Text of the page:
Commiting to an internship is a big deal. Carefully consider the following questions before deciding whether to pursue an internship posting or accept an internship offer.
Does the internship involve meaningful work?
It’s a fact of life that all jobs and internships – at all levels – involve some less-than-glamorous tasks. But, internships should primarily involve projects or tasks that are meaningful, challenging, and important to the organization.
Does the internship see too good to be true or a little off?
Listen to your instincts. If the internship promises lots of money for little work, it probably isn’t legit. If the employer asks for lots of sensitive personal information and/or money at time of application, be wary.
Is the position paid?
The U.S. Department of Labor compels for-profit employers to pay interns unless they meet 6 fairly strict criteria. Some for-profit employers believe they are in compliance with the guidelines and offer unpaid internships. These experiences can be valid and valuable, but potential interns should closely examine unpaid corporate internships to make sure they provide ample learning, supervision, and skill development. Non-profit, government, and educational employers are not subject to the DOL criteria; unpaid internships in those sectors are common.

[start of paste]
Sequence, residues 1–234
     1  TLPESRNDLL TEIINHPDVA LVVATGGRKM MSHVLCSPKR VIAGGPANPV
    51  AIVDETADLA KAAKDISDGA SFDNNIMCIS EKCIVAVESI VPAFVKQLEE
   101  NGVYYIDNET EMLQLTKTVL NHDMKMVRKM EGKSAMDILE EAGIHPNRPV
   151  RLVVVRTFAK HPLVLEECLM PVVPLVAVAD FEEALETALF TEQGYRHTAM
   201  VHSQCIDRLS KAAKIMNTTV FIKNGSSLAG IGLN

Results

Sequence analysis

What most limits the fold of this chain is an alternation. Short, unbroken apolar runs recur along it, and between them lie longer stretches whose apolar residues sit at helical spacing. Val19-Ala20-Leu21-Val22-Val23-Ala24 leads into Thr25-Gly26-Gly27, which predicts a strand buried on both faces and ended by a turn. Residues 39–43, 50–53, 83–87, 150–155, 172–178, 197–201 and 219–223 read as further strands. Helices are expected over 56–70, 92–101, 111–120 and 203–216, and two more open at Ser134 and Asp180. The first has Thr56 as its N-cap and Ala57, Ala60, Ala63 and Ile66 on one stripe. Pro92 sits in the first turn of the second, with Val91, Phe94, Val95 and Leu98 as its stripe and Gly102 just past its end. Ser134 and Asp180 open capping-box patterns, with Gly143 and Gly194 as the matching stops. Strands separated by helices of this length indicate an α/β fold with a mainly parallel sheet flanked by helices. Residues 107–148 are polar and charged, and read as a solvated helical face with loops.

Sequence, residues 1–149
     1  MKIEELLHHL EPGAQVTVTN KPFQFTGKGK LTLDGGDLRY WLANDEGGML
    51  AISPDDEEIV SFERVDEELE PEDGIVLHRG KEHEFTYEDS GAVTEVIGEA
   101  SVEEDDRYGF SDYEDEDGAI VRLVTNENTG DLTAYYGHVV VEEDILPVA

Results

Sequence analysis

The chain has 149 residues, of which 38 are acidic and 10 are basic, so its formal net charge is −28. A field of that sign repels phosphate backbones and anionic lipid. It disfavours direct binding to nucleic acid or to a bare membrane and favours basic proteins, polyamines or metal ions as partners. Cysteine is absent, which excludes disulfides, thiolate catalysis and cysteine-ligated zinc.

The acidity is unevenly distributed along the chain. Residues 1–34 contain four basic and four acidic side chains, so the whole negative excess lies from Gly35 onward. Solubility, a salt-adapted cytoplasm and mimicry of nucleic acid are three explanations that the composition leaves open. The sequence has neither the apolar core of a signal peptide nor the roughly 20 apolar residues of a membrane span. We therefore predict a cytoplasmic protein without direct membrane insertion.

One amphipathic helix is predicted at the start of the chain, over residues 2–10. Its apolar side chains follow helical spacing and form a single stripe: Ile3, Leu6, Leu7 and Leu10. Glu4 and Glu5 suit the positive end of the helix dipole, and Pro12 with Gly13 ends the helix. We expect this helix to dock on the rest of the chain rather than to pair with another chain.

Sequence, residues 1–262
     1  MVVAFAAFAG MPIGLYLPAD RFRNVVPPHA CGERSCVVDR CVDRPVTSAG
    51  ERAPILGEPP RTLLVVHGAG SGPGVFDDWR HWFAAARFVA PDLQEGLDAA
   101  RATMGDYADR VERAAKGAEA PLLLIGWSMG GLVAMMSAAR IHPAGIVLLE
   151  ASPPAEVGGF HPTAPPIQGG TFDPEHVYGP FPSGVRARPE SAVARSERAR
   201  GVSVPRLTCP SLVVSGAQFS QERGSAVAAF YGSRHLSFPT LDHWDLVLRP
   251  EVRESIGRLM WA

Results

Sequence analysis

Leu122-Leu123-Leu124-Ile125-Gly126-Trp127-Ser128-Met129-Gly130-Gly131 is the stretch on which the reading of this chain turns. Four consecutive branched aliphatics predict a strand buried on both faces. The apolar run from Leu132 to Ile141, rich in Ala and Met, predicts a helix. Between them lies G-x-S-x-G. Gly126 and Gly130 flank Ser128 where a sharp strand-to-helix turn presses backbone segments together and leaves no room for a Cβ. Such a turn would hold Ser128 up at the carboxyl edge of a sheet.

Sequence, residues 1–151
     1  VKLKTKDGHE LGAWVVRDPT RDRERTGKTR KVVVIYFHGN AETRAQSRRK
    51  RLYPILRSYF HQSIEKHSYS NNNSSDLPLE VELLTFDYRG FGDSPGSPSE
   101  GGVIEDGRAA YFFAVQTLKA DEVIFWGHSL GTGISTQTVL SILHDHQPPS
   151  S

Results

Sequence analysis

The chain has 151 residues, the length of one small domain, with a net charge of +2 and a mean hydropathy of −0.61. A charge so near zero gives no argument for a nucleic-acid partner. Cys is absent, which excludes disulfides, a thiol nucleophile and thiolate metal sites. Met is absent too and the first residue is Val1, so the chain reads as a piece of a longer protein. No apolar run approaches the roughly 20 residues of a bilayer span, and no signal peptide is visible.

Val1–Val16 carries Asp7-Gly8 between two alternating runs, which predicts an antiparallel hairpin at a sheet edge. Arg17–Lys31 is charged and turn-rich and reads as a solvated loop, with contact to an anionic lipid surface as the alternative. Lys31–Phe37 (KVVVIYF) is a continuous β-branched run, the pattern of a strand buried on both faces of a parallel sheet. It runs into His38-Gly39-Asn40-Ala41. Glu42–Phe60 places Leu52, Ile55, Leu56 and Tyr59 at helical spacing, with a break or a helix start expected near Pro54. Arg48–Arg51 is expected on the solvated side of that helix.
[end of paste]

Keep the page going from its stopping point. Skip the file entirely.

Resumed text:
Does the employer seem committed to your learning?
The primary distinction between an internship and a part-time job is the intentional focus on student learning. Supervisors should help interns create, work towards, and reflect on learning goals that relate to their academic or professional goals. Were learning goals addressed in the position description or interview process?
Will an assigned supervisor provide ongoing support and feedback?
Given that internships have a strong focus on learning, interns should receive intentional onboarding, ongoing supervision, and frequent feedback by an experienced supervisor who models professional and ethical behavior. Do you know who the internship supervisor is? Do you think you can learn from that person? Will that person be available for regular check-ins?
Does the internship really interest you?
This seems basic, but it’s worth a mention. Don’t do an internship just to do an internship. If you’re not innately interested in a position, you probably won’t put forth the effort necessary to fully benefit from the experience, to build skills worthy of mention in future job interviews, or to get stellar recommendations from your internship supervisor later.
Do you have the time to fully engage in the internship?
Internship supervisors will expect you to show up (on time!) and work hard during your agreed upon shifts. If you don’t think you realistically have enough time or mental energy to commit to another activity (or the time or means to get to and from an internship site), think about waiting a quarter or two. A half-hearted internship doesn’t benefit anybody.
Adapted from UW Seattle's Career & Internship resources